Many in her community attributed Nanny’s leadership skills to her obeah powers.[7] Obeah is an African-derived religion that is still practised in Suriname, Jamaica, Trinidad and TobagoGuyana,BarbadosBelize and other Caribbean countries. It is associated with both good and bad magic, charms, luck, and with mysticism in general. In some Caribbean nations, aspects of Obeah have survived through synthesis with Christian symbolism and practice introduced by European colonials and slave owners.

Nanny’s tribe of origin, Ashanti, strongly resisted Europeans in West Africa and the New World. She was also likely influenced by her brothers and other Maroons in Jamaica.

Nanny possessed wide knowledge of herbs and other traditional healing methods, practised by Africans and native islanders. She served as a physical and spiritual healer to her community, which in turn would elevate her status and esteem.

DeathEdit

In the Journal of the Assembly of Jamaica, 29–30 March 1733, is a citation for “resolution, bravery and fidelity” awarded to “loyal slaves … under the command of Captain Sambo”, namely William Cuffee, who was rewarded for having fought the Maroons in the First Maroon War and who is called “a very good party Negro, having killed Nanny, the rebels old obeah woman”.[8] These hired soldiers were known as “Black Shots”.[9]

Another record states that in 1739, a parcel of land named Nanny Town was awarded to “Nanny and her descendents” under a treaty with the colonial government.[10] Some claim that Queen Nanny lived to be an old woman, dying of natural causes in the 1760s. The exact date of her death remains a mystery. Part of the confusion is that “Nanny” is an honorific, and many high-ranking women were called that in Maroon Town. However, the Maroons are adamant that there was only one “Queen Nanny.”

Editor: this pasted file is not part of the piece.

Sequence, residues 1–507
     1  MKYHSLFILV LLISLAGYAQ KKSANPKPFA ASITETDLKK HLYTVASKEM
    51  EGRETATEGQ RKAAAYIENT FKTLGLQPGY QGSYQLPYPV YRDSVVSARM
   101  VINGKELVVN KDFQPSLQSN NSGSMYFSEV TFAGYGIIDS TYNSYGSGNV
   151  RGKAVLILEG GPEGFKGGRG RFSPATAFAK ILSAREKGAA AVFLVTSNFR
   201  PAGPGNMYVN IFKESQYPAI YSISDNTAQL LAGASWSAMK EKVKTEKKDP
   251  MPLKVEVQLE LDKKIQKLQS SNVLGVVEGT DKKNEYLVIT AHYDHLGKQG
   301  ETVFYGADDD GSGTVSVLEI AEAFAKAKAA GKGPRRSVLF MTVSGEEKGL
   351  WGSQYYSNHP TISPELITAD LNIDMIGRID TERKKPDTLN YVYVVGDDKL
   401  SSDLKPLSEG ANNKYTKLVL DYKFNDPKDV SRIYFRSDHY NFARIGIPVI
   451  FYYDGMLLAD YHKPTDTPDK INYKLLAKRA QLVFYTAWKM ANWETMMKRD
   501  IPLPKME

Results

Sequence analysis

LegacyEdit

In 1739 the British governor in Jamaica signed a treaty with the Maroons, promising them 2500 acres (10 km²) in two locations. They were to remain in their five main towns – Accompong, Trelawny Town, Mountain Top, Scots Hall, Nanny Town – living under their own chiefs with a British supervisor in each town. In exchange, they agreed not to harbour new runaway slaves, but to help catch them for bounties. The Maroons were also expected to fight for the British in the case of an attack from the French or Spanish.

Nanny is known as one of the earliest leaders of slave resistance in the Americas, and one of few women in that role. She is celebrated in Jamaica and abroad.

  • The government of Jamaica declared Queen Nanny a National Heroine in 1976. Her portrait graces the $500 Jamaican dollar bill, which is colloquially referred to as a “Nanny”.[12]
  • Nanny’s Monument is located in Moore Town, Portland, Jamaica.[13

Wikipedia also states

Nanny was born in what is now GhanaWest Africa, as a member of the Ashanti nation, part of the Akan people. She was enslaved, along with her five brothers, and brought to eastern Jamaica. She and her five brothers, CudjoeAccompong, Johnny, Cuffy and Quao, quickly decided to flee the oppressive conditions of the sugar cane plantations to join the autonomous African communities of Maroons who had developed in the mountains. This community originated from people formerly enslaved by the Spanish, who had refused to submit to British control. This community developed as many more slaves escaped the plantations and joined the Maroons. Angered by continued raiding of plantations and armed confrontations, the colonial government mounted the FirstMaroon War of the 1730s in an effort to run out and capture the refugee slaves.